These examples represent only a small sample of the wide array of attack vectors and malware that cybercriminals may use in COVID-19-related campaigns or other unrelated efforts.
- Consistent with existing guidance from the NSA, which ranks updating and upgrading of software as the most effective mitigation strategy against known APT tactics, companies should ensure that existing software is appropriately updated and upgraded by doing the following:
- Validate the IP ranges scanned by your vulnerability tool and enumerated network nodes (compare against an inventory scan, like NMAP).
- Scan for vulnerabilities pre-upgrade and post-upgrade to validate the fix.
- Review and address configuration vulnerabilities in accordance with risk in addition to patch-related vulnerabilities (both matter).
- More generally, CISA’s broad range of insights on cybersecurity may provide a useful roadmap for mitigation strategies against these often sophisticated threats.
The shift to telework has changed how employees interact with company systems and data, introducing new risks. These risks include vulnerabilities in remote access tools or infrastructure such as VPN, reliance on insecure communication tools, and even supply-chain risks. Notably, the FBI recently issued guidance warning companies about unauthorized activity on video teleconferencing (VTC) platforms. In addition to the potential for disruption by unauthorized parties, the FBI warned that criminals could attempt to eavesdrop on VTC or other communications platforms.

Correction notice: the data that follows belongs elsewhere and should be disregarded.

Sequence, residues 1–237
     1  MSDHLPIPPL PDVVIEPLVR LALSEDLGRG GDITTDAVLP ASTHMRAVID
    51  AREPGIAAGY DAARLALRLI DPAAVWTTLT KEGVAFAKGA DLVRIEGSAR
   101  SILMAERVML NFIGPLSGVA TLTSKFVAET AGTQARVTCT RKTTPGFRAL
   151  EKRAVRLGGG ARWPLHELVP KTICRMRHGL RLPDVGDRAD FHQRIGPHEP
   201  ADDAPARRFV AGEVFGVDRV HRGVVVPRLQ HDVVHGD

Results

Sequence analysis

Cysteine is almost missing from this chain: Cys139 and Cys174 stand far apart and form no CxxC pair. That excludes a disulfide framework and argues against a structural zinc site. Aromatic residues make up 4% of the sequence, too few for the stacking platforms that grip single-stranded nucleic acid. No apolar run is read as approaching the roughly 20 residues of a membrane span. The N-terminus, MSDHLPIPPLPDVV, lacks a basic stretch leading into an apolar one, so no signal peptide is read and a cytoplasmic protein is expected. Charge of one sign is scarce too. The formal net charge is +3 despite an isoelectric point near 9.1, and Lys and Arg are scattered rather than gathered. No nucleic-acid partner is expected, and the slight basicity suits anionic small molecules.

- Companies should consider whether VTC and other communications platforms are up to date and appropriately secured.
- Several large VTCs have issued security blogs or other guidance on what employees can do to better secure their meetings; consider appropriate training on VTC security.
- Companies should also consider reminding employees to carefully share links to VTC meetings or corresponding dial-in information, and to configure their VTCs to prevent access or intrusion by unauthorized parties.